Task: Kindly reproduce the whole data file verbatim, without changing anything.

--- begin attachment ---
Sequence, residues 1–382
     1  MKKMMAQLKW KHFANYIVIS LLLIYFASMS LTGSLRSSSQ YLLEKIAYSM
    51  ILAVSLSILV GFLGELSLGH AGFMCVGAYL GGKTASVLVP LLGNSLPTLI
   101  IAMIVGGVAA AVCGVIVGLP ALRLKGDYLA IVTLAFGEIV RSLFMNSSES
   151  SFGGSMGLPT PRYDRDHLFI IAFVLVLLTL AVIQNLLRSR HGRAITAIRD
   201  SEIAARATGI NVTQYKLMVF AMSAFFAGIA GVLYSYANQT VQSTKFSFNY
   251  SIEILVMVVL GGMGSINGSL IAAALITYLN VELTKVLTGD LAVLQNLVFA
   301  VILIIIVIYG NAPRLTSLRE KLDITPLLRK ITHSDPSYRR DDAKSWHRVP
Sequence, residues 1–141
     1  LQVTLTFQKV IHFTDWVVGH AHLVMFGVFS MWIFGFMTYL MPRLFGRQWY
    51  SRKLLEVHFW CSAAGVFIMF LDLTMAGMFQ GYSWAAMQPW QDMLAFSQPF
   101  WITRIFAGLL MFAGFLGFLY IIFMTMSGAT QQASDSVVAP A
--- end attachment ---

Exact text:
Sequence, residues 1–382
     1  MKKMMAQLKW KHFANYIVIS LLLIYFASMS LTGSLRSSSQ YLLEKIAYSM
    51  ILAVSLSILV GFLGELSLGH AGFMCVGAYL GGKTASVLVP LLGNSLPTLI
   101  IAMIVGGVAA AVCGVIVGLP ALRLKGDYLA IVTLAFGEIV RSLFMNSSES
   151  SFGGSMGLPT PRYDRDHLFI IAFVLVLLTL AVIQNLLRSR HGRAITAIRD
   201  SEIAARATGI NVTQYKLMVF AMSAFFAGIA GVLYSYANQT VQSTKFSFNY
   251  SIEILVMVVL GGMGSINGSL IAAALITYLN VELTKVLTGD LAVLQNLVFA
   301  VILIIIVIYG NAPRLTSLRE KLDITPLLRK ITHSDPSYRR DDAKSWHRVP
Sequence, residues 1–141
     1  LQVTLTFQKV IHFTDWVVGH AHLVMFGVFS MWIFGFMTYL MPRLFGRQWY
    51  SRKLLEVHFW CSAAGVFIMF LDLTMAGMFQ GYSWAAMQPW QDMLAFSQPF
   101  WITRIFAGLL MFAGFLGFLY IIFMTMSGAT QQASDSVVAP A